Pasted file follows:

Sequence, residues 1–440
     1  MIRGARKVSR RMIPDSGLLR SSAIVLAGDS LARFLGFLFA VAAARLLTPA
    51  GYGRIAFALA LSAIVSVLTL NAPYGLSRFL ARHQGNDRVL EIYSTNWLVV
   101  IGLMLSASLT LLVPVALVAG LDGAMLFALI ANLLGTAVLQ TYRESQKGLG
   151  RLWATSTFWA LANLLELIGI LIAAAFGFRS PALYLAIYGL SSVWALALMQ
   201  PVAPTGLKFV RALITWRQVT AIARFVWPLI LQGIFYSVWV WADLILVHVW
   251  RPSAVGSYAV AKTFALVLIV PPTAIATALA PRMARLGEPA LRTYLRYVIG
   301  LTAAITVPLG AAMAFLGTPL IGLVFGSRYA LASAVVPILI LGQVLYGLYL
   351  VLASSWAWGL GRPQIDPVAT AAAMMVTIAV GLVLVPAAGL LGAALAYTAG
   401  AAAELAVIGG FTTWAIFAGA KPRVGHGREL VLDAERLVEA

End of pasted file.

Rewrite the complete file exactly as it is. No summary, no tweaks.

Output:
Sequence, residues 1–440
     1  MIRGARKVSR RMIPDSGLLR SSAIVLAGDS LARFLGFLFA VAAARLLTPA
    51  GYGRIAFALA LSAIVSVLTL NAPYGLSRFL ARHQGNDRVL EIYSTNWLVV
   101  IGLMLSASLT LLVPVALVAG LDGAMLFALI ANLLGTAVLQ TYRESQKGLG
   151  RLWATSTFWA LANLLELIGI LIAAAFGFRS PALYLAIYGL SSVWALALMQ
   201  PVAPTGLKFV RALITWRQVT AIARFVWPLI LQGIFYSVWV WADLILVHVW
   251  RPSAVGSYAV AKTFALVLIV PPTAIATALA PRMARLGEPA LRTYLRYVIG
   301  LTAAITVPLG AAMAFLGTPL IGLVFGSRYA LASAVVPILI LGQVLYGLYL
   351  VLASSWAWGL GRPQIDPVAT AAAMMVTIAV GLVLVPAAGL LGAALAYTAG
   401  AAAELAVIGG FTTWAIFAGA KPRVGHGREL VLDAERLVEA